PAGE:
Tag Archives: globalization

Which Countries Are Ready to Deal with Change?

change-readiness-index

Every day on the news we hear about challenges that countries face, ranging from domestic crises to natural disasters. At the same time, we learn about opportunities for advancement created by new technologies and global markets. How ready are countries to absorb negative shocks and capitalize on positive changes? This is the question that KPMG, in cooperation with Oxford Economics, seeks to address through the 2013 Change Readiness Index (CRI).

The index, this year in its second and expanded edition, assesses the ability of 90 countries around the world – from Australia to Afghanistan – to manage change and cultivate opportunity. Based on the analysis of secondary data and primary surveys of over 500 country experts, the index looks at three key elements: enterprise capability, government capability, and people & civil society capability. This data is also accompanied by several case studies that put CRI to the test, looking for instance at the varied capacity of countries to respond to major earthquakes (Haiti, Chile, and Japan).

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Sand in strange places

There are places in the Atacama Desert where no rain has fallen since such records have existed. Stretching from Peru, across southwestern Bolivia and into Chile, the Atacama Desert is an atmospheric phenomenon, as air circulates down from the upper atmosphere after dumping its moisture over the Amazon Rainforest, on the other side of the Andes. The air is cold, for a desert, typically staying between zero and 25 degrees celsius. It’s also dry; and as it blows down across the Andes Mountains into the Pacific Ocean it siphons up any moisture from the ground. Yes, even air gets thirsty.

In its trail, the evaporated moisture deposits some of the world’s largest salt flats, helping provide economic support to the surprising population found scattered across the fringes of the desert – more than a million people. They have learned how to survive under such harsh conditions, and recently one of their own, Evo Morales, was elected to Bolivia’s presidency. A proudly leftist ally of Venezuelan President Hugo Chavez, Morales is poised to make many of the same mistakes.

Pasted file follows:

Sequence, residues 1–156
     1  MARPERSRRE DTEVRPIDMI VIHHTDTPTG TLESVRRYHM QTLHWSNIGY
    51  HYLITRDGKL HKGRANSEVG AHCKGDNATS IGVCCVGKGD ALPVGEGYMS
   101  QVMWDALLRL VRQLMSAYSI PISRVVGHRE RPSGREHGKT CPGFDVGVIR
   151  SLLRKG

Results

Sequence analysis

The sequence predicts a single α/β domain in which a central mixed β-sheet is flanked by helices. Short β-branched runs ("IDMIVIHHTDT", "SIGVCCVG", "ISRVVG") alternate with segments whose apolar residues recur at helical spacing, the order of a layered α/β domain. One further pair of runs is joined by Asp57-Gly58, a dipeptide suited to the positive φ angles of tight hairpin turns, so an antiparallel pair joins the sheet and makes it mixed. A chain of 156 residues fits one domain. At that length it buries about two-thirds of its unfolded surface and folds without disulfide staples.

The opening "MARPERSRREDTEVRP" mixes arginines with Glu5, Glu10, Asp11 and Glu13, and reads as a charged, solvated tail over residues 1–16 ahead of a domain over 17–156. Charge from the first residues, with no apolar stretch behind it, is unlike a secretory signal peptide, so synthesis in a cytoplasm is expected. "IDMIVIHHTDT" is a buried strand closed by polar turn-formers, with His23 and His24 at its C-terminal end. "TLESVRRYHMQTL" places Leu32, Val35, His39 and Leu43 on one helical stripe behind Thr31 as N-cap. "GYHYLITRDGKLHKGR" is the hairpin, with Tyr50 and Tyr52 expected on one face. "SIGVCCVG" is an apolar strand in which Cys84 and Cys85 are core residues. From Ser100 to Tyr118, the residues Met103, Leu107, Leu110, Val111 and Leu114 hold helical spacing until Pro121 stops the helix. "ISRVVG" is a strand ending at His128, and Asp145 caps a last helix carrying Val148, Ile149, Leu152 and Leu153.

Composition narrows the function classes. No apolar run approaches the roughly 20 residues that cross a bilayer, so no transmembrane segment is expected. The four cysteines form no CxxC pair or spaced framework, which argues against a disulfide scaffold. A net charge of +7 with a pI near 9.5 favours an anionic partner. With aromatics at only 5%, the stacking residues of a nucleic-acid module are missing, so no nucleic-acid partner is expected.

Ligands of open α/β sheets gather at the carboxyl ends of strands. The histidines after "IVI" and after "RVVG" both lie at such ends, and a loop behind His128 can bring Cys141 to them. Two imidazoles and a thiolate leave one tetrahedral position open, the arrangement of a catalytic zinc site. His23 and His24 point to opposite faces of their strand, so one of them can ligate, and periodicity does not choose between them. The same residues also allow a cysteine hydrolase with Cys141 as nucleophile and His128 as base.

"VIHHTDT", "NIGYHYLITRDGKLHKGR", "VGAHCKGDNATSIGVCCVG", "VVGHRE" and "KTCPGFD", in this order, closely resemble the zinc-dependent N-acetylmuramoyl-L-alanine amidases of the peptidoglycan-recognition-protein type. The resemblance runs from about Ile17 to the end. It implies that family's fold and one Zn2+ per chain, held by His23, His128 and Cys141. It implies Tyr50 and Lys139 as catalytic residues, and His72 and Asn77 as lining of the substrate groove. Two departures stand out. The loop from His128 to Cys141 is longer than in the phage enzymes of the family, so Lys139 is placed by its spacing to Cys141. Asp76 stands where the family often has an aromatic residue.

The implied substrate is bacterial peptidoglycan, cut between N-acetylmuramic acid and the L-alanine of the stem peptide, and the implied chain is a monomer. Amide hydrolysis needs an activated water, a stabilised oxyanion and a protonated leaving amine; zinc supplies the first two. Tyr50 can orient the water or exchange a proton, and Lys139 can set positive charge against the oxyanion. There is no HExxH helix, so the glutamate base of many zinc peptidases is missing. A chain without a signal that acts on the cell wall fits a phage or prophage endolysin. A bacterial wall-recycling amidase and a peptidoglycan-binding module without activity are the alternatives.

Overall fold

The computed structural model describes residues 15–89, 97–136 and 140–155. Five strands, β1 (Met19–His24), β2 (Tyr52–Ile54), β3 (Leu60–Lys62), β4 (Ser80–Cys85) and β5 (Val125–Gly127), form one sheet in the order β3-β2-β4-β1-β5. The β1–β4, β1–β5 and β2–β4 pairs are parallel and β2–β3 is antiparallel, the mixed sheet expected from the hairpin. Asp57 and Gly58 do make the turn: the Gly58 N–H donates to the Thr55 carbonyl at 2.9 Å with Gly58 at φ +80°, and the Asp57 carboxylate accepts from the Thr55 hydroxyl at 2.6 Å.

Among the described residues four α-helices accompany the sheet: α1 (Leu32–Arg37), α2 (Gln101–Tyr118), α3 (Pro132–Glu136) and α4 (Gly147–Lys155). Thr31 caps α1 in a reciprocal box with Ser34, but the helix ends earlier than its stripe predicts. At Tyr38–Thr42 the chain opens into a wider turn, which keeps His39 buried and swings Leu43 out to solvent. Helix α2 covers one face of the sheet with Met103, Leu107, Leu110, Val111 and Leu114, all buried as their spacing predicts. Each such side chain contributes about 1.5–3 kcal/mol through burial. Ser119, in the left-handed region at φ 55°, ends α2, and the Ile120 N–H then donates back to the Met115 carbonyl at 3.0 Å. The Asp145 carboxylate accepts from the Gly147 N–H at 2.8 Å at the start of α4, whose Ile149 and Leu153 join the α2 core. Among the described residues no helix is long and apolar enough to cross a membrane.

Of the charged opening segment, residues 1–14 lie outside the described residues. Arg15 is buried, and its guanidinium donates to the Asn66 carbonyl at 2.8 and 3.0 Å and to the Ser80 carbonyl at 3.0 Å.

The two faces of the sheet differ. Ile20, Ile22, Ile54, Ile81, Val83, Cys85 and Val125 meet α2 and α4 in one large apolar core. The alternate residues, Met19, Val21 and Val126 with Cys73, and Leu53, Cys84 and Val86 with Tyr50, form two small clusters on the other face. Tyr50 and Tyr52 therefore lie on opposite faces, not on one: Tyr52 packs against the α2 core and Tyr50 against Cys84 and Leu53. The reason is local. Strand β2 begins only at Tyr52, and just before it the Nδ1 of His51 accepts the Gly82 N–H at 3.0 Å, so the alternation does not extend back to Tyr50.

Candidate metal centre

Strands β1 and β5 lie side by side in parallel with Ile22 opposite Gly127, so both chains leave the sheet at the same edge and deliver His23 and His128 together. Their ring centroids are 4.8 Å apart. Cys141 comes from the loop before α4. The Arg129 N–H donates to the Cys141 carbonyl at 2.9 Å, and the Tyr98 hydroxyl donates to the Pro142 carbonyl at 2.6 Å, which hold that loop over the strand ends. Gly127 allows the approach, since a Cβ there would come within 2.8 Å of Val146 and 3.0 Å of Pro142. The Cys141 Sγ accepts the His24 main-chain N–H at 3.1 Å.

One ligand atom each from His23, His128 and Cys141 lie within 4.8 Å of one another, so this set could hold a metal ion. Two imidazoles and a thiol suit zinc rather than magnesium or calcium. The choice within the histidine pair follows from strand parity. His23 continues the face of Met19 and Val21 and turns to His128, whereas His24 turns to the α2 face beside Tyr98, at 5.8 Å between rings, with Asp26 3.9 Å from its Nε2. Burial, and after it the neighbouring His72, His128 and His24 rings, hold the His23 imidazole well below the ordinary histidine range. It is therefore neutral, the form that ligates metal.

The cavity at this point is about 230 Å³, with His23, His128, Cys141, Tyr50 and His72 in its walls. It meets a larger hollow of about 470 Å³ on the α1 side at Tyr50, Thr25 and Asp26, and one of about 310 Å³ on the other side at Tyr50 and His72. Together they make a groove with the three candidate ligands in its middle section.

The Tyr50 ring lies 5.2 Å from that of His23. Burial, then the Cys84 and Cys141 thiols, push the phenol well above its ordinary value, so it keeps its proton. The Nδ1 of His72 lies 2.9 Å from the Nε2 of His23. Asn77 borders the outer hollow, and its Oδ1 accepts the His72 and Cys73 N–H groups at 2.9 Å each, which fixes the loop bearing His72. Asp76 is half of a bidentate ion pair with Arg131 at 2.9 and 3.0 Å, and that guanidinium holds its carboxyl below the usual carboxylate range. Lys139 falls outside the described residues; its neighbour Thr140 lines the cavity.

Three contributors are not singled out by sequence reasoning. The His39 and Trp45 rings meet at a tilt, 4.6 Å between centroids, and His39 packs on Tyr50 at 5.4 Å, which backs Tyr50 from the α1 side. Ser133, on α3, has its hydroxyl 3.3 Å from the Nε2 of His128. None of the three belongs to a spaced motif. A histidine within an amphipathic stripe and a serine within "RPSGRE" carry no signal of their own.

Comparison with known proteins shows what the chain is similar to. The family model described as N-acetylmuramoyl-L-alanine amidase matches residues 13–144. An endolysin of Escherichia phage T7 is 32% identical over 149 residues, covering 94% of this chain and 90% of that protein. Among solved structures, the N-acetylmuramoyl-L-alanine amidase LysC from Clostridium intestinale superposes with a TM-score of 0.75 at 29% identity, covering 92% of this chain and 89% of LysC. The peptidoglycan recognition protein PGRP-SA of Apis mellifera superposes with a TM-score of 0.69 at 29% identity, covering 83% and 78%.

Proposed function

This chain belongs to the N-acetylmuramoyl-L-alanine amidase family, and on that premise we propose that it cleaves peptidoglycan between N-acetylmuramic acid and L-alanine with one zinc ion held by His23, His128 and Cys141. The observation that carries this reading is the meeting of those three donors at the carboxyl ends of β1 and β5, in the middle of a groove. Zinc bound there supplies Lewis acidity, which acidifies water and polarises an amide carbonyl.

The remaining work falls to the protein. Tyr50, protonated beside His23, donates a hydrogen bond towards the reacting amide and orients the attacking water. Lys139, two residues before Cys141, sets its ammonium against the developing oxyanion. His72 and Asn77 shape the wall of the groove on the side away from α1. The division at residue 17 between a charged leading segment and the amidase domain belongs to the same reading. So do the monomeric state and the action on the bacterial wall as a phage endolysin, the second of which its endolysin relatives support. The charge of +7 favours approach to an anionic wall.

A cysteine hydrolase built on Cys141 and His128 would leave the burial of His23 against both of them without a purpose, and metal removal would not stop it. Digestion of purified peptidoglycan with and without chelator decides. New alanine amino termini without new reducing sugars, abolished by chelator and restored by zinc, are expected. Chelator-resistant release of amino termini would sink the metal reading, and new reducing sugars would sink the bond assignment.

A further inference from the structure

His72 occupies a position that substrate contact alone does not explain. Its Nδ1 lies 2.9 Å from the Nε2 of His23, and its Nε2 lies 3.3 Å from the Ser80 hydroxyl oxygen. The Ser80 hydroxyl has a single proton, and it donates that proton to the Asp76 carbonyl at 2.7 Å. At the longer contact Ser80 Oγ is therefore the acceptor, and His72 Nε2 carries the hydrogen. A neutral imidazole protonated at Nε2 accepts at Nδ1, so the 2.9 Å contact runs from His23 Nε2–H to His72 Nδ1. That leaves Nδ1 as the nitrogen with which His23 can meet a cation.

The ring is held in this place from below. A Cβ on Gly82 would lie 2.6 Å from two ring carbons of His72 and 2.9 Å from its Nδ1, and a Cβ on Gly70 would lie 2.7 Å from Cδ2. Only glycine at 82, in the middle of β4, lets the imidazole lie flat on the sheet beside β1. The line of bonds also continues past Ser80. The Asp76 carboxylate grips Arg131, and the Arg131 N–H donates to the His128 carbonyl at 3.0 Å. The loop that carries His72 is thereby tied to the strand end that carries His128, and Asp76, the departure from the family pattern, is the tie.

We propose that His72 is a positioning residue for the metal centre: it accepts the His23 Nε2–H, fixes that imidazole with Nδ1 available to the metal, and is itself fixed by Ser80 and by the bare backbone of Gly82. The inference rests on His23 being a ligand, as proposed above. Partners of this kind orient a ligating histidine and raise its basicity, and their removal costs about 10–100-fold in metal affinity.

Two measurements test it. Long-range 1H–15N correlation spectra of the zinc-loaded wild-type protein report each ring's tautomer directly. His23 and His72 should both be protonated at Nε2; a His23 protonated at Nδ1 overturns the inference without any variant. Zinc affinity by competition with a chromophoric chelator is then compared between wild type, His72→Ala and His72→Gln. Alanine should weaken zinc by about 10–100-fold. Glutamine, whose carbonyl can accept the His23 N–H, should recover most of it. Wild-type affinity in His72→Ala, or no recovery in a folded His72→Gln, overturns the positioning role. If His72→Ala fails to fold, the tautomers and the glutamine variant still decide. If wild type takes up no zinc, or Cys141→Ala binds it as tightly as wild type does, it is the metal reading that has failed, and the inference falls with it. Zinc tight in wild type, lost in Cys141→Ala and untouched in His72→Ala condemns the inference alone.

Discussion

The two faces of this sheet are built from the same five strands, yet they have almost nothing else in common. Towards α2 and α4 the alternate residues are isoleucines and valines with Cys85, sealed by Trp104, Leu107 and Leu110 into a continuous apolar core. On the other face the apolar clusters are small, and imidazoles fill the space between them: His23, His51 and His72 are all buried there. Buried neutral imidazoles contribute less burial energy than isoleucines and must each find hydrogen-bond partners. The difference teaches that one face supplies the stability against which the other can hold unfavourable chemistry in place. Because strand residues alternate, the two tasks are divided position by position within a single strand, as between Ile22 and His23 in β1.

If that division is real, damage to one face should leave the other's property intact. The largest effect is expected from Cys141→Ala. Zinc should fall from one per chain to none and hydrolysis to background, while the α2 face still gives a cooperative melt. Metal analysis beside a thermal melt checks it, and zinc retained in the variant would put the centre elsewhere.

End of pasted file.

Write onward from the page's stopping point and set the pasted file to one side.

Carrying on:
Morales has already nationalized Bolivia’s natural gas industry, to the shock of its neighbor and largest customer, Brazil. But the world is quickly fixating on another natural resource, one found beneath the salt flats of Morales’ ancestral home:

In the rush to build the next generation of hybrid or electric cars, a sobering fact confronts both automakers and governments seeking to lower their reliance on foreign oil: almost half of the world’s lithium, the mineral needed to power the vehicles, is found here in Bolivia — a country that may not be willing to surrender it so easily.

“We know that Bolivia can become the Saudi Arabia of lithium,” said Francisco Quisbert, 64, the leader of Frutcas, a group of salt gatherers and quinoa farmers on the edge of Salar de Uyuni, the world’s largest salt flat. “We are poor, but we are not stupid peasants. The lithium may be Bolivia’s, but it is also our property.” Read more from The New York Times….

Quisbert is quite right about property; he and the rest of Frutcas’ members live on land passed down since before rain records were kept, and can likely count on one hand how many times it’s rained since they themselves were born. Most of Bolivia’s estimated 5.4 million tons of lithium

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“When the Sky is the Limit: Aviation Development in the Middle East and North Africa”

The task of building a strong competitive advantage in the global market rests on the fundamentals of productivity growth. As Michael Porter has long argued, a country’s competitive advantage includes not only inherited factors of production (e.g., geography, demography, natural resources) but also created ones, such as infrastructure, knowledge resources, and communication networks.

In this Feature Service article, Jawad Rachami is a senior manager at an aerospace firm in the United States, argues that in the Middle East and North Africa (MENA), one sector that could uniquely spur the region’s global competitiveness is air transportation. Participation in 21st century global trade requires modern aviation infrastructure and the integration of local capacity into complex cross-border supply chains. Having such advanced infrastructure can transform an economy by energizing the private sector, creating broader access to trade and investment, and turning airports themselves into major economic engines.